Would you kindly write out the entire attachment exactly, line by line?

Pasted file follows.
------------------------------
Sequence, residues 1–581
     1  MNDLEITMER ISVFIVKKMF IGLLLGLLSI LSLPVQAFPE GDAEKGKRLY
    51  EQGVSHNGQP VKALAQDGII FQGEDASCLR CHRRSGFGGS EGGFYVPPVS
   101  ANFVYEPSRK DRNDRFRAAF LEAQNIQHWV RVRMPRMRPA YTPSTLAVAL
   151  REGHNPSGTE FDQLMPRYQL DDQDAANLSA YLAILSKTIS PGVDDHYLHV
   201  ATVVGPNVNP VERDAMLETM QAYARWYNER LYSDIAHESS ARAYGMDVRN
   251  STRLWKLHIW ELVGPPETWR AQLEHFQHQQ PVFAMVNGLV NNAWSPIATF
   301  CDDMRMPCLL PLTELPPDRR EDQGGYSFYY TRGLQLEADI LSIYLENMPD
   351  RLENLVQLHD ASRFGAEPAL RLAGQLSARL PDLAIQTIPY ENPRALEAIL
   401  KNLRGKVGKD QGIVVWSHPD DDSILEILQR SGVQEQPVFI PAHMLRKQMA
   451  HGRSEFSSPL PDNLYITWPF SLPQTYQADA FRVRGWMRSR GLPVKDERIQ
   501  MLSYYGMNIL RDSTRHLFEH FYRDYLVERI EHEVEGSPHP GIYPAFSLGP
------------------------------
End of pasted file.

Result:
Sequence, residues 1–581
     1  MNDLEITMER ISVFIVKKMF IGLLLGLLSI LSLPVQAFPE GDAEKGKRLY
    51  EQGVSHNGQP VKALAQDGII FQGEDASCLR CHRRSGFGGS EGGFYVPPVS
   101  ANFVYEPSRK DRNDRFRAAF LEAQNIQHWV RVRMPRMRPA YTPSTLAVAL
   151  REGHNPSGTE FDQLMPRYQL DDQDAANLSA YLAILSKTIS PGVDDHYLHV
   201  ATVVGPNVNP VERDAMLETM QAYARWYNER LYSDIAHESS ARAYGMDVRN
   251  STRLWKLHIW ELVGPPETWR AQLEHFQHQQ PVFAMVNGLV NNAWSPIATF
   301  CDDMRMPCLL PLTELPPDRR EDQGGYSFYY TRGLQLEADI LSIYLENMPD
   351  RLENLVQLHD ASRFGAEPAL RLAGQLSARL PDLAIQTIPY ENPRALEAIL
   401  KNLRGKVGKD QGIVVWSHPD DDSILEILQR SGVQEQPVFI PAHMLRKQMA
   451  HGRSEFSSPL PDNLYITWPF SLPQTYQADA FRVRGWMRSR GLPVKDERIQ
   501  MLSYYGMNIL RDSTRHLFEH FYRDYLVERI EHEVEGSPHP GIYPAFSLGP